“If you look across the supermarket channel, you see pharmacy kind of shoehorned in a lot of different places in the organization—reporting to merchandising, reporting to here or there,” Tripp said. “Jeff [Noddle] and the leadership of Supervalu clearly see pharmacy as a strategic tool for the future. And to have a president of pharmacy who reports directly into the leadership of the company ought to send the message that pharmacy is clearly an important part of our business. And it has a lot to do with the way we organize the business, with Chris [Dimos] reporting to me and myself reporting directly to Jeff.”
Beyond that, he said, Supervalu employs what Tripp calls “an efficient but robust organization that supports our 900-plus pharmacies.”
Under Dimos, the pharmacy operation is run by an experienced staff, led by Gerry Bay, senior vice president of pharmacy operations, a veteran of Albertsons management based in Chicago. “Our company is basically broken into three regions—East, Midwest and West,” Dimos explained. “Our pharmacy operations group breaks down the same way, with a vice president of pharmacy operations for each region.”
Carolyn Sieraski is vice president of pharmacy marketing and strategy. Dan Salemi, another veteran of Albertsons and American Stores, is vice president of pharmacy central services, in charge of managed care, procurement and analytics.
“He buys it, sells it and figures out if we made any money on it,” Dimos joked.
In charge of clinical programs is Anthony Proven-zano, while government relations and pharmacy professional services is under the direction of Vic Vercammen. Randy Mound is vice president of pharmacy systems and process redesign.
The Supervalu pharmacy team also includes financial support staff and a vice president of pharmacy human resources, Chris Irmscher.
It’s clear that the company’s far-flung and diverse portfolio of retail brands will demand new thinking and new solutions from its management team. “Supervalu operates in some of the nation’s largest and most densely populated urban areas, including Boston, Chicago, Los Angeles, Philadelphia and Washington, D.C.,” the company noted in a report. “Serving a broad demographic spectrum demands that Supervalu is a flexible, dynamic retailer that is in tune with cultural and customer trends and responsive to local demands.”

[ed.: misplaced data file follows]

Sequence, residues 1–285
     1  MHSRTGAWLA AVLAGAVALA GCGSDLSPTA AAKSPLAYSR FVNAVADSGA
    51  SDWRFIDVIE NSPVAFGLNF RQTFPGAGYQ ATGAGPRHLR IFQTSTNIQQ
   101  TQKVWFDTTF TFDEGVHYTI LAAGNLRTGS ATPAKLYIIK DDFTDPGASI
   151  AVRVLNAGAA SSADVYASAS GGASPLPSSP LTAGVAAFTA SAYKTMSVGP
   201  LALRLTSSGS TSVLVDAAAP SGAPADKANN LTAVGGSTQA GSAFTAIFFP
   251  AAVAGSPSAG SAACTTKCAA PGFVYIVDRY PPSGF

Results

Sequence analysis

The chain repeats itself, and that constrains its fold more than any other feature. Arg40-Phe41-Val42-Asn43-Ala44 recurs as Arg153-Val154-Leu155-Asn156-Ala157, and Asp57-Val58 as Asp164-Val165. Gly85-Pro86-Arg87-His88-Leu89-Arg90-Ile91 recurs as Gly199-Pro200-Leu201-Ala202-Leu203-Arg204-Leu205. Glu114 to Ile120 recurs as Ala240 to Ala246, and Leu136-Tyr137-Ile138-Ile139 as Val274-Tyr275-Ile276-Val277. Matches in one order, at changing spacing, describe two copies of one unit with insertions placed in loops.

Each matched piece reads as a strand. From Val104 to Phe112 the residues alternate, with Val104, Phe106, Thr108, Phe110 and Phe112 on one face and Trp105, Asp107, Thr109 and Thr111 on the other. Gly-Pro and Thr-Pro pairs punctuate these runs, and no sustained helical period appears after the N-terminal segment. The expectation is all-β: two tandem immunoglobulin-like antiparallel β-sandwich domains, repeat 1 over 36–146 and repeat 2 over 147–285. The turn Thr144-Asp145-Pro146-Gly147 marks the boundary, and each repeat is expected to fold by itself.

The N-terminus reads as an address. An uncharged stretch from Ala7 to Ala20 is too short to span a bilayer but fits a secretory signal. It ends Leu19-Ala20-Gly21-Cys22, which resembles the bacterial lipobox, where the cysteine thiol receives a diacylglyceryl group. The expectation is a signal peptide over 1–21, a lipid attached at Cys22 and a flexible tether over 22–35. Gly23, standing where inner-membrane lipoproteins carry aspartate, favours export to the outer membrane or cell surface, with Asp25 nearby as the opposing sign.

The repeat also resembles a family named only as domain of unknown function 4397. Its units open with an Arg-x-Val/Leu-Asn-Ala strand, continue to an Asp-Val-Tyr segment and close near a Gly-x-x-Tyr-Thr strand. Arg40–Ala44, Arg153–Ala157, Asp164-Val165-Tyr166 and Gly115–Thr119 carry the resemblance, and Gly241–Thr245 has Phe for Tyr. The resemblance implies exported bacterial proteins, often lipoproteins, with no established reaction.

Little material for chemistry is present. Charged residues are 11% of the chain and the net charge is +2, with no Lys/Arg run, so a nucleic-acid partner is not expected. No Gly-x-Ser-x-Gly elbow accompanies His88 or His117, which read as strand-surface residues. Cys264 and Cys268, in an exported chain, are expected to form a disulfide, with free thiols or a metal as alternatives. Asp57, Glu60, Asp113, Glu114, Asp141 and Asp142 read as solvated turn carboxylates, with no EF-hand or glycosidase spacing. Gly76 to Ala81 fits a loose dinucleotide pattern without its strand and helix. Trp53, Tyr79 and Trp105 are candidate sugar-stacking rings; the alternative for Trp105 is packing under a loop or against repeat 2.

To that end, Noddle has laid out four performance milestones that he says will guide the company’s future decisions, strategies and initiatives, “and our new culture of service.” They include:
Delivering economically by leveraging economies of scale, best practices from each retail banner and rising sales to bolster profitability;
Serving customers through a better understanding of their needs, according to Noddle, and by better responding to changing demographics and demand trends. Part and parcel of that process is an aggressive campaign to remodel stores, rejuvenate and keep fresh the merchandise mix and keep the focus on local retailing and new customer-service programs.
Creating a new company culture to energize employees and keep them, in Supervalu’s parlance, “customer-focused, passionate about the grocery business and committed to delivering our customers the best possible shopping experience.”
Investing in the store network through store renovation and new construction. Along those lines, the company has created a “Premium Fresh & Healthy” strategy for its new store and remodeling efforts, consisting of a series of easily customized merchandise presentation modules, tailored to individual stores and markets and “all with a focus on making it easy and convenient to shop for wholesome meals” and solutions for health, wellness, beauty and other needs, according to Supervalu.
Premium Fresh & Healthy is “clearly our go-forward strategy,” Tripp said. “We think that’s where the customer is going, and we think we have all the tools to get there quickly.
“We clearly see pharmacy in a leadership position for that, and as the beacon around which to build the healthy strategy.
“We also see the format itself as advantageous because some of the things we can do within that format really can’t be duplicated within the drug store industry.”